"Uncut Gems" and the drive to look like a somebody, no matter what the cost

I walked in the theater looking to be entertained and left questioning my own value system

By D. Watkins

Editor at Large

Published January 9, 2020 5:00PM (EST)

Uncut Gems (A24)
Uncut Gems (A24)

"Uncut Gems" is gem. The 2019 film directed by ‎Josh ‎and Benny Safdie left me with some things to think about and I’m going to do the same for you.

I normally don’t read movie reviews before seeing a film as I don’t want to be influenced by someone’s opinion or have a critic's voice bouncing around in the back of my head while I try to figure out if I like the protagonist or not. In the case of "Uncut Gems," I hate the protagonist, but I love the film.

Adam Sandler is the lead, but it’s not one of those goofy, fun-loving comedies with a feel-good ending that the comedian is known for. It’s the exact opposite; nothing feels good about this movie. Seeing the way Sandler looks in the trailer with his ridiculous glasses and '90s boot-cut outfits could lead you to believe that he’s up to his old antics. Learning that former NBA star Kevin Garnett has an important role in the film would support your claim, but you would be wrong. Garnett is actually a great actor who will get more work in Hollywood; he’s as good an actor as he was a ball player and a perfect fit for "Uncut Gems," which is a roller coaster ride from the beginning of Act 1 to the final seconds before the credits roll. The anxiety gave me a 135-minute nose bleed.

Sandler plays jewelry store owner Howard Ratner, a gambling-addicted reject who always loses, even when he wins. Quickly, you realize that he doesn’t really want to win at anything, he just wants to chase, chase, and chase – a real thrill junkie. And even though the way in which this story is told is clever, you probably read it, heard it, or saw it before. The most sobering moment in the film for me revolves around lifestyle. Lifestyle, access to celebrities, our addiction to fame and the billions of dollars we spend on things that don’t really matter in the grand scheme – excess was the culture I was raised on.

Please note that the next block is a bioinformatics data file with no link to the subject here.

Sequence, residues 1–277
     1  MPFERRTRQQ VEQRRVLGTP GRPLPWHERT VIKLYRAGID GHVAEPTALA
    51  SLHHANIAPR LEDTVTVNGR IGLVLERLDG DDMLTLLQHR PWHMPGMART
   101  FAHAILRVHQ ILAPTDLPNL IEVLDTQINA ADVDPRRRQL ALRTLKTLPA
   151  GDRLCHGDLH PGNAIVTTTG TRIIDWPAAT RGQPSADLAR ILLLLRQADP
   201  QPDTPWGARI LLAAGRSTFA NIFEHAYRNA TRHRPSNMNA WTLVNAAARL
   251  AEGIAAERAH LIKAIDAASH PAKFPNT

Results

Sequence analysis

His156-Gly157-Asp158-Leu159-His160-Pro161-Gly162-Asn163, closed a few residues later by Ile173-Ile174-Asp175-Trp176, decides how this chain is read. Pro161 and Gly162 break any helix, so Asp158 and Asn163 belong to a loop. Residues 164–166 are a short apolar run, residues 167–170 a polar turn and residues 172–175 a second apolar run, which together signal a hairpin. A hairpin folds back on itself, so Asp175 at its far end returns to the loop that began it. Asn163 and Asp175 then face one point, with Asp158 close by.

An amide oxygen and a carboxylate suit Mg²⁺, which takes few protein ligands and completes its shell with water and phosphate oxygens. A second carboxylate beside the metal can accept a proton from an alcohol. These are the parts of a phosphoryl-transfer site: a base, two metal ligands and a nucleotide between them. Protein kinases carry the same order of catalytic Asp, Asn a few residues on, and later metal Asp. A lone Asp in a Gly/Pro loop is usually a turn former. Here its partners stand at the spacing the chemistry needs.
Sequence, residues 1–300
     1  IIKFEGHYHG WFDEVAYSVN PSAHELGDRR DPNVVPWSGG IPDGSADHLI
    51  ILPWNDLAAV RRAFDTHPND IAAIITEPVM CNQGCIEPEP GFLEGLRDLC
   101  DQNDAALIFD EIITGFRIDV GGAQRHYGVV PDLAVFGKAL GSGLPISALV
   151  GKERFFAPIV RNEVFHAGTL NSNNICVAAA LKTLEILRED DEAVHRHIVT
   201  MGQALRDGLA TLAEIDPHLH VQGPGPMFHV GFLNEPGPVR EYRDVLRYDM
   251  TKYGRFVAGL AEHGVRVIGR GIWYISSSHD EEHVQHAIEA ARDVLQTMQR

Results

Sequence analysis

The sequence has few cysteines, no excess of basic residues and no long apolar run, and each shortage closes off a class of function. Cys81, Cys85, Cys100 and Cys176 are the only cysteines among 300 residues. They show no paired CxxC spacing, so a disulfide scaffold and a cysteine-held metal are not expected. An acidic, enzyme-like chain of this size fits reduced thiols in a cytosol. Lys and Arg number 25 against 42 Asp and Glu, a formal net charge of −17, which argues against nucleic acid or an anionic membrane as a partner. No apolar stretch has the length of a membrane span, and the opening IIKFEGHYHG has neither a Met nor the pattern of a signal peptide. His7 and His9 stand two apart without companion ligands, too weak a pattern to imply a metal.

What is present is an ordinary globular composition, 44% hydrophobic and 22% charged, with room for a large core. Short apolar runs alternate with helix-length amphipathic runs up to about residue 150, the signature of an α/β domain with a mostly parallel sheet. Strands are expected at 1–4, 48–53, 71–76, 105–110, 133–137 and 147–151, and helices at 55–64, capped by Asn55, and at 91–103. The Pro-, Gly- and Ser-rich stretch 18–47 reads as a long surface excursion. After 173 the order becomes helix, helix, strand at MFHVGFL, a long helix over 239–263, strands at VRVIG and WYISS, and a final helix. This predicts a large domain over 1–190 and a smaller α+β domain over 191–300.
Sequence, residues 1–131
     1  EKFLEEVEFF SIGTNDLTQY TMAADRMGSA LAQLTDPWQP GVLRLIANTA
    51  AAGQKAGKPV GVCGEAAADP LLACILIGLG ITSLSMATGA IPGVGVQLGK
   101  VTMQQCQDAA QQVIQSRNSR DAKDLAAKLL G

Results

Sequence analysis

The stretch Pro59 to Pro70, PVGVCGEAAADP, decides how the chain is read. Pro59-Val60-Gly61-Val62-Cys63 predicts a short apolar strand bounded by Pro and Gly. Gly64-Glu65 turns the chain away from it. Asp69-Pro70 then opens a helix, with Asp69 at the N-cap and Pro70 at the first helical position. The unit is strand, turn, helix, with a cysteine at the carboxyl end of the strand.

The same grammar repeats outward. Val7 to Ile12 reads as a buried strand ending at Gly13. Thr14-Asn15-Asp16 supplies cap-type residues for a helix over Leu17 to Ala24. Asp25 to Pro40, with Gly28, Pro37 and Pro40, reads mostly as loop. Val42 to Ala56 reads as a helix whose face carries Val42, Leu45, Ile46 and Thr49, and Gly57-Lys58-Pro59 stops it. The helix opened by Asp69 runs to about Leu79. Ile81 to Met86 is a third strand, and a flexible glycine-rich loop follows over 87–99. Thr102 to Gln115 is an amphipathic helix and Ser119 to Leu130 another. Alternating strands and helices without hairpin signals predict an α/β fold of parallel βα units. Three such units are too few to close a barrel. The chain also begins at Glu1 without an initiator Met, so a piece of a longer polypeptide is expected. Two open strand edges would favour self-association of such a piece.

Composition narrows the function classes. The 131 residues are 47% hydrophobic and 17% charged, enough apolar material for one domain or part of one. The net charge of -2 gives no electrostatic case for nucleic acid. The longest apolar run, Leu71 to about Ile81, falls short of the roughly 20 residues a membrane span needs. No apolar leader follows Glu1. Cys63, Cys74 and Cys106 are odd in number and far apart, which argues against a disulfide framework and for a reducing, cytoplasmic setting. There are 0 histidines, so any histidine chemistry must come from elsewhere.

As an ashy-kneed fourth grader, I had wiped my Air Jordans down until they gleamed, placed them over Nike ankle socks, and walked them up to my main man Mr. Kim on Monument Street. Mr. Kim's shop was kind of like a Walmart for street kids. He had Nike, Fila, Puma, African medallions, Starter jackets, and exactly what I was looking for that day, gold teeth.

“Did you ask mom if it was okay for you to have these?” he said pulling out the tray for me to examine.

I slammed a $50 my uncle had given me on the counter and said, “I want four crowns. That’s not too flashy, right?”

"They're very, very nice." he responded.

Mr. Kim looked at my insanely large incisors and grabbed the biggest set of crowns out of the case. He dipped them in some type of fluid that I guess was sanitizer because people came in and out of the store and tried teeth on all day. He then passed them to me — perfect fit. I wore them every day, and smiled for two weeks straight until they split.

I knew they were fake; real golds were custom, cost hundreds of dollars,  and at the time you had to get them from a dentist. No dentist in their right mind was going to make a mold of a 9-year-old's mouth and then cement gold into it . And customized fronts weren’t as popular and readily available in 1990, so us kids wore fake gold caps. Kids who couldn’t afford the caps wrapped aluminum foil around their teeth for the same look. We laughed at them the same way the older kids with real gold teeth laughed at us.